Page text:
A science teacher at Jenifer Middle School expressed concerns over an “unsafe work environment” at a Lewiston School Board meeting Monday evening and criticized the school district’s lack of safety precautions against COVID-19.
Alex Church, who works with seventh graders, said the end of social distancing and mask protocols in school buildings this year is irresponsible while unchecked transmission of the virus pushes local hospitals beyond capacity.
He fears the failure to confront the pandemic in a meaningful way may deepen the crisis.
“Our local hospital system is essentially begging the community to help them,” Church said. “I struggle to see how anyone will trust us as an authority on education when they watch us ignore the repeated requests of our health care professionals.”
The school district reported 29 active cases of COVID-19 in students and staff on Monday, just two weeks into the school year.
Hospitalizations from the virus are steadily increasing at St. Joseph Regional Medical Center, where a record-high 20 patients were hospitalized Monday. Last week, it reported 13 hospitalizations.
In a plea for safety precautions across the school district, Church asked the school board to mandate masks for staff and, at the very least, strongly recommend them for students. He also requested in-house testing be available to students and staff.
“We are doing no social distancing,” Church said. “Masks are not even recommended or available as a matter of policy. Staff and students must specifically seek them out.”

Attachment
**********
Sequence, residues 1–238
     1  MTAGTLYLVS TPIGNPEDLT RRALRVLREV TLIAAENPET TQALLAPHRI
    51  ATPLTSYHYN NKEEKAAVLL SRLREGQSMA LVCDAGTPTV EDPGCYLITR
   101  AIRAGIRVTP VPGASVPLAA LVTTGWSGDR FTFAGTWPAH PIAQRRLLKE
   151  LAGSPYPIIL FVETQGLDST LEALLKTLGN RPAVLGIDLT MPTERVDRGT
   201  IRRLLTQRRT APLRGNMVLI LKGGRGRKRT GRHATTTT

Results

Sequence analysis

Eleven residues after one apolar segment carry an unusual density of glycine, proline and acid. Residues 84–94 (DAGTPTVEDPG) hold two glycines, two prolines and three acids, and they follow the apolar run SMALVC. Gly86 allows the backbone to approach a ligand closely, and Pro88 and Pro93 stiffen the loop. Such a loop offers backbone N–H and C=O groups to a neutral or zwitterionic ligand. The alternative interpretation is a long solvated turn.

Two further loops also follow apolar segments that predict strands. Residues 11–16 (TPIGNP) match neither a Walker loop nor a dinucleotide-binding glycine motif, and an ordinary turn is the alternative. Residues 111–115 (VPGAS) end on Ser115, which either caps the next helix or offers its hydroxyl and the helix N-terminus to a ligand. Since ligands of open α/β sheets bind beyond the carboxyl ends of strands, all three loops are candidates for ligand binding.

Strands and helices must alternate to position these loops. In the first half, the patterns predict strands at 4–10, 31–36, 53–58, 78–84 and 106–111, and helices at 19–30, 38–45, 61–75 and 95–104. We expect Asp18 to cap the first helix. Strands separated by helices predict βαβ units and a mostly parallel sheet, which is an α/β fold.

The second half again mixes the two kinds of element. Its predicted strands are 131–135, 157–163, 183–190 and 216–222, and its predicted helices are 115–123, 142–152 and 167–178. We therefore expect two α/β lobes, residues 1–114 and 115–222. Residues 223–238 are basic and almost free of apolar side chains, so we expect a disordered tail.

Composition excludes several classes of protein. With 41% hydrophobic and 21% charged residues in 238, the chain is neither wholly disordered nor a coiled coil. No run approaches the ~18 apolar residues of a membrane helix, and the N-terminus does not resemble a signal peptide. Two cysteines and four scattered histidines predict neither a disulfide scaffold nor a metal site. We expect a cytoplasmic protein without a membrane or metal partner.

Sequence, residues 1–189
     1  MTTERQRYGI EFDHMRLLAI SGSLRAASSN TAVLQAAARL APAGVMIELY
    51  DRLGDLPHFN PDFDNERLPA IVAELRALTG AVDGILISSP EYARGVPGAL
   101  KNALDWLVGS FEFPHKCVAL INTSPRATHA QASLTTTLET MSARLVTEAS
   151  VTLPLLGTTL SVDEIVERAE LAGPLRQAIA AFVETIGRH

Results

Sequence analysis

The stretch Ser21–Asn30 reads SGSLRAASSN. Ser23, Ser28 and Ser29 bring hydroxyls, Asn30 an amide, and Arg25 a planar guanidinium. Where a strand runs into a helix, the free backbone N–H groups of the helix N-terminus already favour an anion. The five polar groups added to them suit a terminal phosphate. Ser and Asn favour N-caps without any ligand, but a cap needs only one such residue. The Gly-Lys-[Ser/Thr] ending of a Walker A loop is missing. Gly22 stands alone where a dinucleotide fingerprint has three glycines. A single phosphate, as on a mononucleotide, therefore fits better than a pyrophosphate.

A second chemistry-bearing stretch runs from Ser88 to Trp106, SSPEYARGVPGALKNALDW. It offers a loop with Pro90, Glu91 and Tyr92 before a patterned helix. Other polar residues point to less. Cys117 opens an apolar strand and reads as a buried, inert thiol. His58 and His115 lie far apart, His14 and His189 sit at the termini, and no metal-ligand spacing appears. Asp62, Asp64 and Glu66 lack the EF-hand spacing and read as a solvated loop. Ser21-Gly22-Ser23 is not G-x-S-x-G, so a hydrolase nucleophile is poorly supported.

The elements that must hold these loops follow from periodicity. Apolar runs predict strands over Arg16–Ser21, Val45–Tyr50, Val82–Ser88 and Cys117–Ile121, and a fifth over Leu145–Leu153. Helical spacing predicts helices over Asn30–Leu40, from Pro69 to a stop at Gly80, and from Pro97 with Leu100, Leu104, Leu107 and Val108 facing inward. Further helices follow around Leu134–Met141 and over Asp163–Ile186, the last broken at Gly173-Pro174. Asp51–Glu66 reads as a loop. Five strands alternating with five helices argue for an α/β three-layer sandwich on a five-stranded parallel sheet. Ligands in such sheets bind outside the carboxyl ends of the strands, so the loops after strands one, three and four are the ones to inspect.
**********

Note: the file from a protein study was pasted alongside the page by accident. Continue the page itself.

Last week, the Idaho Department of Health and Welfare authorized hospitals in northern Idaho to implement crisis standards of care, allowing facilities to ration their resources amid overwhelming caseloads.
At Kootenai Health in Coeur d’Alene, a teaching room was recently converted into a care unit to accommodate excess patients.
“The concern to the public is very real,” said Brad Cuddy, vice president of the school board. “I want to be sure if I walk into a school building, there’s somewhere right at that entrance where masks and hand sanitizer are available for the kids and staff.”
But when Superintendent Lance Hansen was asked if masks and other resources are readily available in most school buildings, the answer was unclear. However, he said there’s “plenty of personal protective equipment for everyone.”
Church, who previously noted some buildings have no available masks, silently shook his head from a seat in the audience. The former Webster Elementary School principal said many students are currently out of school racking up absences while they quarantine for exposure to someone with COVID-19.
Hansen also confirmed attendance has declined since the start of the school year Aug. 30. At the meeting, school board members voted to declare September as Attendance Awareness Month.
“I’ve had multiple students who are already on what they call ‘extended absences,’” Church said. “Trying to catch a student up who is gone for 5-10 days is nearly impossible. In many cases, we just have to write off the learning and move on to the next standard.”
Still, no mask orders or other strategies were adopted by school board members Monday night. In response to an increased need for testing, Hansen said he plans to order 100 PCR tests, which students or staff could complete at home for faster results.
On the other side of the border in Washington, Clarkston teachers and students must wear masks indoors, and staff members are facing an Oct. 18 deadline to be fully vaccinated.
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